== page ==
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Reel Education

Documentaries, Biopics, and Reality Television


Jacqueline Bach

Reel Education is the first single-authored book to bring together the theoretical and practical considerations of teaching cinematic texts about education that claim a degree of verisimilitude. Given the recent influx of documentaries, biopics, and reality television shows about education, new theoretical frameworks are required to understand how these productions shape public conversations about educational issues. Such texts, with their claims to represent real-life experiences, have a particular power to sway audiences who may uncritically accept these stories as offering “the truth” about what happens in schools. Since all texts, whatever their truth-claims may be, are grounded in specific ideologies, those in the fields of humanities, education, and media and communication studies must pay attention to how these films and television shows are constructed and for what purposes. This book provides an analysis of documentaries, biopics, and reality television, examining the construction of the genres, the explicit and latent ideologies they contain, and the ways in which students and faculty might critically engage with them in classrooms.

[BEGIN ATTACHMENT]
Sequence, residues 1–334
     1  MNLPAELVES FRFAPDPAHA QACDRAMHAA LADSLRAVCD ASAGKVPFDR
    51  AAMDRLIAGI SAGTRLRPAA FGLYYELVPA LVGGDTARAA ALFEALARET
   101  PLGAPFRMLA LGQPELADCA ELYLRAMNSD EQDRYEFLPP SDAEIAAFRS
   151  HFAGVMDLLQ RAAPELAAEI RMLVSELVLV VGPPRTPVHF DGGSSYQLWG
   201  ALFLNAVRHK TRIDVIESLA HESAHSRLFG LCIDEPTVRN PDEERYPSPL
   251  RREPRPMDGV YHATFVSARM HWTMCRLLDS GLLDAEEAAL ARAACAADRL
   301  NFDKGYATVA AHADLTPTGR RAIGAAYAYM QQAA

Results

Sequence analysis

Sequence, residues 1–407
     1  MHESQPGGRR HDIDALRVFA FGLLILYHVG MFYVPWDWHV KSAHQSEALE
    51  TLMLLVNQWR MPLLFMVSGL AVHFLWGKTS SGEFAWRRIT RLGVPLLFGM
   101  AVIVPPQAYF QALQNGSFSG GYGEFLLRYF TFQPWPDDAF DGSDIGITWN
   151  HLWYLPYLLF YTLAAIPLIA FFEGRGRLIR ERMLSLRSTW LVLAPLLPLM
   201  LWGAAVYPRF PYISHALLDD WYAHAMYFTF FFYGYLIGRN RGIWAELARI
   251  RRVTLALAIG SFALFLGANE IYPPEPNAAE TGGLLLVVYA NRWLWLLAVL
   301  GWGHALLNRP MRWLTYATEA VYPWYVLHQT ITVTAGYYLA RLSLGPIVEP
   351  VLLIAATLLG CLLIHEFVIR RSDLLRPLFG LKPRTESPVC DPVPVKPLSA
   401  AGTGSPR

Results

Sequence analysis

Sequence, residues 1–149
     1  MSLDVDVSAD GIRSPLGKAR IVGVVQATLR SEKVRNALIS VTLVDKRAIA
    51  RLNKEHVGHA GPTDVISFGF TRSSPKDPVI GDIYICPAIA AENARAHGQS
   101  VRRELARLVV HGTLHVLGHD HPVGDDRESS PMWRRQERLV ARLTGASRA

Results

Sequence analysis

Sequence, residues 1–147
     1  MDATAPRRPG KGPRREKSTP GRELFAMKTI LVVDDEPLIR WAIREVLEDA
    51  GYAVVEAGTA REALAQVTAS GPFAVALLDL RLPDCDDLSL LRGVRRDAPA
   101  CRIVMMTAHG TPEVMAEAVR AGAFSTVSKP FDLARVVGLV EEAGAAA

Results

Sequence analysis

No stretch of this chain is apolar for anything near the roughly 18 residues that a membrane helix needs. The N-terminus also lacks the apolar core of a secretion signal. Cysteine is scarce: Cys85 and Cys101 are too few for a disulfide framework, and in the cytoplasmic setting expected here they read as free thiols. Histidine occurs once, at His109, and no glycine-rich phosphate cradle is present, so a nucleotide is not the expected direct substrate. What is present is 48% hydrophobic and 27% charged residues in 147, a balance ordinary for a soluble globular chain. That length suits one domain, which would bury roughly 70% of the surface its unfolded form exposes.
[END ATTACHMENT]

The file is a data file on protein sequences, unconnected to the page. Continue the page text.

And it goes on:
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Chapter 2. “But No One Taught Me”: An Educational Mockumentary


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An Educational Mockumentary*

I am sometimes asked at conferences what genre has the best hope of capturing the realities of teaching if the documentary genre cannot. I answer that mockumentaries might offer the best representations of what it is like to be a teacher. Mockumentaries, which pull codes from the documentary and fictional film genres, such as interviews, a narrative structure, and unscripted scenes, distance themselves from the audience’s expectations for both genres—namely, to present the objective truth as well as to sustain a traditional narrative structure. Promoting itself with the slogan “Real Teaching Leaves Its Mark,” the 2006 mockumentary Chalk (Akel & Mass, 2006) engaged conventions from both genres in order to uncover, perhaps facetiously, why 50% of teachers quit within the first three years.

Chalk, whose storyline follows three teachers and an administrator over the course of a school year, employs the postmodern strategies of the mockumentary to challenge the notion that teachers in the cinematic world quit, are fired, or persevere in the profession because of one, or a series of, life-changing event(s). Just as postmodern curriculum theory tries to dislodge ← 29 | 30 → education’s adherence to modernist teaching strategies (such as the tendency for desks to be arranged in rows facing the teacher, for teachers to deliver only whole-group lectures, or for strict implementation of a mandated curriculum), a mockumentary relies on postmodern cinematic strategies, such as the...

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